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The whole person at work

June 16, 2009

I recently hung out with Niala Boodhoo (“Miami Herald business reporter/radio person/blogger blah blah blah,” according to her Twitter account) at the June Social Media Club South Florida meetup at Transit Lounge in Brickell.   We were soaking up the wisdom of a fascinating panel of artists and other creatives who were talking about how they use social media to create community and generate interest in their work.

We had a really interesting conversation about how her work as a journalist is evolving as she and her employer embrace Social Media. She’s creating content not just for the printed paper, but for the blog she co-authors, Poked; her Twitter account, @nialaboodhoo; as well as the Business Monday interviews she conducts, most recently with the CEO of Auto Nation.

From an employee engagement and brand perspective – journalism aside – how are journalists like Niala being empowered by their employers to use social media to represent their brands?  How are their personal brands co-mingling with those of their employers online?

A couple of recent tweets represent the different faces of the whole person at work here:

  • “I’m pretty sure I’m the only person who listens to House of Pain while reading Fed Reserve reports, but wld love someone to prove me wrong”
  • “Don’t blame it on the sunshine, don’t blame it on the moonlight, don’t blame it on the good times…blame it on the boogie…”
  • “BREAKING NEWS: There’s been a shooting inside the Holocaust Museum in DC:
  • “Saw this ‘human remains in Biscayne Bay’ story unfolding. I called it in, but why didn’t I stop and do story myself?”

Social media tools like Twitter and blogs have evolved the role of some journalists at the Herald beyond a byline.  Not only that, these tweets reveal a real person behind the reporting and the face you see onscreen online.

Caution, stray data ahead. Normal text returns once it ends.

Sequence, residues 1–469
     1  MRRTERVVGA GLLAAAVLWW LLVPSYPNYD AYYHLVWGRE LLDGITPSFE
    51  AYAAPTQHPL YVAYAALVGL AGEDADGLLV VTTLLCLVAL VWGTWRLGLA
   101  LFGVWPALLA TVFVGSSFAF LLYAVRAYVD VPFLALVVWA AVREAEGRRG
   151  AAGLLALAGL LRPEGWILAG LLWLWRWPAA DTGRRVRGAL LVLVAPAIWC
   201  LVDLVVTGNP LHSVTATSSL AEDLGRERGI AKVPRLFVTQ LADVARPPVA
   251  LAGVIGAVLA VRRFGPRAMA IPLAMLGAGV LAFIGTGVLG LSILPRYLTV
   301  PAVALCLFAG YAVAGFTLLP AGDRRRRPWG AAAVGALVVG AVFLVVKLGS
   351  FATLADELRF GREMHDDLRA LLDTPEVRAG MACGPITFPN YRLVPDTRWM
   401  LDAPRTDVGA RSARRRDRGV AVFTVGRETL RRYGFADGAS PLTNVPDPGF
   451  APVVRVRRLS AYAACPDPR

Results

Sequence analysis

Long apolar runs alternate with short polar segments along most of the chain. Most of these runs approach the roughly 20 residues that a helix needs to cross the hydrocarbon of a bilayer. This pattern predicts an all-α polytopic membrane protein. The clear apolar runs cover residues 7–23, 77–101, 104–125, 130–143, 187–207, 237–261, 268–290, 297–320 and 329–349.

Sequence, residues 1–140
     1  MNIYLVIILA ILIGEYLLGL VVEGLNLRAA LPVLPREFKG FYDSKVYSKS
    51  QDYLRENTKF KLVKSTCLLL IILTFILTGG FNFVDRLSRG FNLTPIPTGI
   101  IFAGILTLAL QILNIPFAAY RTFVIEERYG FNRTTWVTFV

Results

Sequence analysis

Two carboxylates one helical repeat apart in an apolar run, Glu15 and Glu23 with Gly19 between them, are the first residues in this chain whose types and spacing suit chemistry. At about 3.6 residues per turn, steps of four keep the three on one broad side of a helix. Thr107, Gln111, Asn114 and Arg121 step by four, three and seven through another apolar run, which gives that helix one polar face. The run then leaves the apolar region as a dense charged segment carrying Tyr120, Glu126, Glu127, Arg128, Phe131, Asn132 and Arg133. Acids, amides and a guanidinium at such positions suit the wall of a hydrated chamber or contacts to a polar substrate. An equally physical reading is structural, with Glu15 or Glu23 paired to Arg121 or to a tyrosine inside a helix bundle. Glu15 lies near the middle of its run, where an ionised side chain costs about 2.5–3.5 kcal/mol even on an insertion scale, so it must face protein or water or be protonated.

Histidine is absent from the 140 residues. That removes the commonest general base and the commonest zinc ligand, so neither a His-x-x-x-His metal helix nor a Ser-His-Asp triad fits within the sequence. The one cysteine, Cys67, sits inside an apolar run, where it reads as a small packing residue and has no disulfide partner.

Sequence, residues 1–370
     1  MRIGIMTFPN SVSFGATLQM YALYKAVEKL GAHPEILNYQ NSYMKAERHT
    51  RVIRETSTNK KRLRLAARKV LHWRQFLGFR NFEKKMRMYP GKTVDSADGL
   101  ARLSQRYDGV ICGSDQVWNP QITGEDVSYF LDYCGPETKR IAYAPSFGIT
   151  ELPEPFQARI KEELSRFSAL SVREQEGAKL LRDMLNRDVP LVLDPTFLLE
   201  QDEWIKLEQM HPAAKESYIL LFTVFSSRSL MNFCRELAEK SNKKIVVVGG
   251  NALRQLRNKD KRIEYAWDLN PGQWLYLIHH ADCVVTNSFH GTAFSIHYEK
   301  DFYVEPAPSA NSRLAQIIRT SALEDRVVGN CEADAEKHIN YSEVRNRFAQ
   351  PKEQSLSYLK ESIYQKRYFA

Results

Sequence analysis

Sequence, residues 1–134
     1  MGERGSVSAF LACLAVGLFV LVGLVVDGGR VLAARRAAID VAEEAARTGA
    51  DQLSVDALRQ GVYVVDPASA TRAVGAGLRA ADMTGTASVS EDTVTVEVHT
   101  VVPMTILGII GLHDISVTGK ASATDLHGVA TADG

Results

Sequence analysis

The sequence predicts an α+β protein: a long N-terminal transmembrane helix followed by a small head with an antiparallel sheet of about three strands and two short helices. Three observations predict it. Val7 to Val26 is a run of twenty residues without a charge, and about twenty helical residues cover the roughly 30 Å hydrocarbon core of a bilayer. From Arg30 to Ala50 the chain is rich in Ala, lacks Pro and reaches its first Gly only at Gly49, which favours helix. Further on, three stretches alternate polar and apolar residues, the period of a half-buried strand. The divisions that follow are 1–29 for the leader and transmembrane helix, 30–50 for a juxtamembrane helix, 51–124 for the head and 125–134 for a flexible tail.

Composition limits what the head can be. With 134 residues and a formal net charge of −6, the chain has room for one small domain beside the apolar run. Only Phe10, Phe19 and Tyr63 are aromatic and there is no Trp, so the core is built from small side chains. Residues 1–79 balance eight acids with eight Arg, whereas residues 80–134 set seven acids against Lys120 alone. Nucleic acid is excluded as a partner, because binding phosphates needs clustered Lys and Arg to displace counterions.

As the Miami Herald plans its first Tweetup next week – a chance to meet several of the tweeting reporters in person at Tobacco Road – the interaction between reader (customer) and reporter (employee) is shifting, as these empowered, engaged employees become a literal face for the Miami Herald brand.

Out of the newsroom (office/factory) and into the real world, anyone who wants to can show up and meet and talk to these journalists, and they are promoting the heck out of it online in hopes that we will do just that.  The relationship is moving beyond one of reporters with potential story subjects or sources (raw materials) but one among readers (customers) and content creators (employees) and the paper (brand).  For many social media enthusiasts – themselves now empowered to be content creators and even a new breed of reporters – a kind of peer relationship is possible as well. All of this interaction is without the intermediary of editors (managers) and outside the physical space of the newspaper or web site (product) and the Miami Herald facilities (corporate headquarters).

A lot of companies are beginning to embrace social media; while some are just spitting out press releases through new channels, others are allowing real people to utilize Twitter, blogs, and other tools to engage customers in new ways.  Kudos to the Miami Herald for empowering its employees to share the whole person at work – I believe their team is able to do its work more effectively and with more passion, and I, for one, am a much more loyal reader to boot.

One Comment leave one →
  1. June 16, 2009 1:26 pm

    Hi there
    loved the blog … very informative .. please keep it coming..

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